No matter how much we may enjoy it, cycling can have its ups and downs and not just in the hills. Whether you are a racing snake or just out for more social cruises, having your body working in peak condition will help you have a more enjoyable experience out there.
With big cycling events like the Cape Epic and the Cape Town Cycle Tour on our doorstep, not to mention the other weekly events happening all over the Cape, it makes sense to ensure that your body is in the best shape it can be – and not just for race day. I know that since I have been getting adjusted regularly my performance, and enjoyment on and off the bike has improved.
You put large amounts of effort and long hours into the time building up to the race, so why should you feel hampered or injured or not be able to give it your best?
While many cyclists experience traumatic injuries due to falls, there is also a high risk of overuse injuries in cycling due to the repetitive nature and long hours of the sport. Let’s explore some of the most common areas where cyclists’ bodies are under the most stress and pressures. Some of these I see very commonly in practice: back pain and neck pain. Up to half of all cyclists experience neck pain and up to 30% suffer with lower back pain. And as we know, many of these problems can be linked to poor posture.
Much of what cyclists do is in a forward, hunched over position. You ride your bike hunched over, sit at your computer, sit in your car, sit at the dinner table, all hunched forward. All contributing to poor spinal health. Poor spinal health is common in more modern day lifestyles due to bad posture (on and off the bike) and can be associated with future injuries, as well as impacting our overall health.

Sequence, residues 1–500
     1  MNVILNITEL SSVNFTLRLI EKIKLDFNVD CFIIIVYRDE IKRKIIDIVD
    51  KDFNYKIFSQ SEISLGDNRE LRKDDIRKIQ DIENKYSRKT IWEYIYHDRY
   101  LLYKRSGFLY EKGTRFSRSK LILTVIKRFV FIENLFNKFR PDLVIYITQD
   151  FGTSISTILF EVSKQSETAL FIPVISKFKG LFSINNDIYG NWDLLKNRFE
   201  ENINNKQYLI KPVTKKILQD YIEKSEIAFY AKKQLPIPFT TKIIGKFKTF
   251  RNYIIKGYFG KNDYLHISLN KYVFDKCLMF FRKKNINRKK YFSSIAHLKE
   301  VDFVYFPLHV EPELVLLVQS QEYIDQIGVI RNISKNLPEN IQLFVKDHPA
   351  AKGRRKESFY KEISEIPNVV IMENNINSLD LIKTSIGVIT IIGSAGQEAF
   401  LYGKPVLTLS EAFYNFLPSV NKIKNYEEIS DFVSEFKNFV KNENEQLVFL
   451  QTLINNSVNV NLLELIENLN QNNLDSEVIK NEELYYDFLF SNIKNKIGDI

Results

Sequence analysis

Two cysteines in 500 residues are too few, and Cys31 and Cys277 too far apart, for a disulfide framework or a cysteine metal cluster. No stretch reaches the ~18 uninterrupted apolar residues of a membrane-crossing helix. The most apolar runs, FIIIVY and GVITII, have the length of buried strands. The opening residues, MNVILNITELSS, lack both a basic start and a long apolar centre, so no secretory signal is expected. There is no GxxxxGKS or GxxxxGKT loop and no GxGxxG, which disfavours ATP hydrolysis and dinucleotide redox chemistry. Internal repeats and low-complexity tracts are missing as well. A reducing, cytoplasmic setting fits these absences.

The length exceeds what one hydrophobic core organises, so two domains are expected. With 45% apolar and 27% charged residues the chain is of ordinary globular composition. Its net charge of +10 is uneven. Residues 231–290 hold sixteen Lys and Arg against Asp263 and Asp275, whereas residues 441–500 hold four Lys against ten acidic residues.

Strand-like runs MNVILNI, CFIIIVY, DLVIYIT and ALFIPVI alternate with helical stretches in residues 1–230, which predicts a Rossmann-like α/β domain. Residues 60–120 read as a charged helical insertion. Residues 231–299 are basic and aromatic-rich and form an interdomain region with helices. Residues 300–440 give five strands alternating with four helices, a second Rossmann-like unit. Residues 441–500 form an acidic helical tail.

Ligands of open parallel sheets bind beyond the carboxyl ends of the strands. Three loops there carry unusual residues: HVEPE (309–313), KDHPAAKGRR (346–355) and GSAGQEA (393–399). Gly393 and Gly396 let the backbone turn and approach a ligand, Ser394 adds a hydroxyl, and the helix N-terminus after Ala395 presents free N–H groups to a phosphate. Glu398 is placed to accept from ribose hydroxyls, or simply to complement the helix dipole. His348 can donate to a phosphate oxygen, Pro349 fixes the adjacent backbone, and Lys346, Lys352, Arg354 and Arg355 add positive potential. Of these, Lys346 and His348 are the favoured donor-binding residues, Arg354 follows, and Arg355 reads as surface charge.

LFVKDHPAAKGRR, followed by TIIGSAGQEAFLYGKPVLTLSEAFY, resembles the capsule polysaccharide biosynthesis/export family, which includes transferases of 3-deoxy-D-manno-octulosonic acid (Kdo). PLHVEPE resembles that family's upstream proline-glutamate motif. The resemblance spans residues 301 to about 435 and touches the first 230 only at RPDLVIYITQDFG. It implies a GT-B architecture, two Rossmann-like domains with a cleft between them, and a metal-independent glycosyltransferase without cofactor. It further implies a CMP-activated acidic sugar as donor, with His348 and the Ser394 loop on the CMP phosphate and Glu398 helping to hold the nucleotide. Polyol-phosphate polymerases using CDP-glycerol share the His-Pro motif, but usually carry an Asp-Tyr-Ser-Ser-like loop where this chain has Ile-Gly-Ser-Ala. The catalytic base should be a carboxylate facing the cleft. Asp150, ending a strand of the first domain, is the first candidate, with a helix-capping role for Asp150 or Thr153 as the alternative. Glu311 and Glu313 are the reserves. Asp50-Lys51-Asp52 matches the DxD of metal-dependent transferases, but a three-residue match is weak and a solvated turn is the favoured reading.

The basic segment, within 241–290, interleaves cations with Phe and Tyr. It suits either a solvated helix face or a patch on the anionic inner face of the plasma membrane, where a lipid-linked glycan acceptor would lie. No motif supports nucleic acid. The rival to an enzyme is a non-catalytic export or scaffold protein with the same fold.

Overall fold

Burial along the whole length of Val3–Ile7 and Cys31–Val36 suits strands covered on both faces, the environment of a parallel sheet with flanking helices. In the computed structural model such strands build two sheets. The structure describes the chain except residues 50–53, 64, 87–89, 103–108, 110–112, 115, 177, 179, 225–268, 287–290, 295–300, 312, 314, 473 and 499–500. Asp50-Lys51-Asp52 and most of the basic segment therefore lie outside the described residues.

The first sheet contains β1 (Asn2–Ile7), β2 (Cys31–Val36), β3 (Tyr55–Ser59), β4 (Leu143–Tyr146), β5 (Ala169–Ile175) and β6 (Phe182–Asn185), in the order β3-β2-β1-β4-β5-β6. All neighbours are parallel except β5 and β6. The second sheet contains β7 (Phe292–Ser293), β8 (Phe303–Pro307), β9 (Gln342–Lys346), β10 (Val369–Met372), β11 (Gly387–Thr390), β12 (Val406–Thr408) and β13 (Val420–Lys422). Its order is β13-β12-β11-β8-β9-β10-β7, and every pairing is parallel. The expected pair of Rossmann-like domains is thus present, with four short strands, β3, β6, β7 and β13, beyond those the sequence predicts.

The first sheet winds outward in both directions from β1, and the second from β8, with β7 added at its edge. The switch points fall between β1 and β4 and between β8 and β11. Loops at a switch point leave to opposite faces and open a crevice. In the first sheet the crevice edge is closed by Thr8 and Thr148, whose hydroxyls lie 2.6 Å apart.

If favouring one side of your body due to bad posture or injury, your body has to compensate to pick up the imbalances occurring through the spine. Repeating this over hours, weeks and months of training and your body can head in the direction of overuse and injuries.
Prevention can go a long way to more enjoyable rides and more importantly, better health on and off the bike.
Studies have shown that how well your spine is moving and stabilizing can have an impact on your cycling performance. In one study done on cyclists with and without lower back pain, they looked at how well the lower back moved and stabilised. They found that people who had more bending and rotation as well as poorer stability in the lower back region tended to have more pain.
The load on your back should be spread across the spine so it makes sense that if that load is being focused on one area, then it is being overworked and will eventually result in injury, and not just cycling injuries.
So how do we help our bodies work the best they can?
Regular adjustments to the spine will help improve movement between spinal joints, allow for a healthier functioning nervous system and allow for better posture on and off the bike. The Advanced BioStructural Correction (ABC)™ technique has been shown to help correct areas of the spine not functioning correctly and where the body cannot correct itself. Working on your posture outside of your adjustments, by addressing your sitting, sleeping and standing habits can help support your body and limit your posture moving into those forward positions.
Burnett, A., Cornelius, M., Dankaerts, W. and O’Sullivan, P. (2004). Spinal kinematics and trunk muscle activity in cyclists: a comparison between healthy controls and non-specific chronic low back pain subjects—a pilot investigation.
Wilber, C., Holland, G., Madison, R. and Loy, S. (1995). An Epidemiological Analysis of Overuse Injuries Among Recreational Cyclists.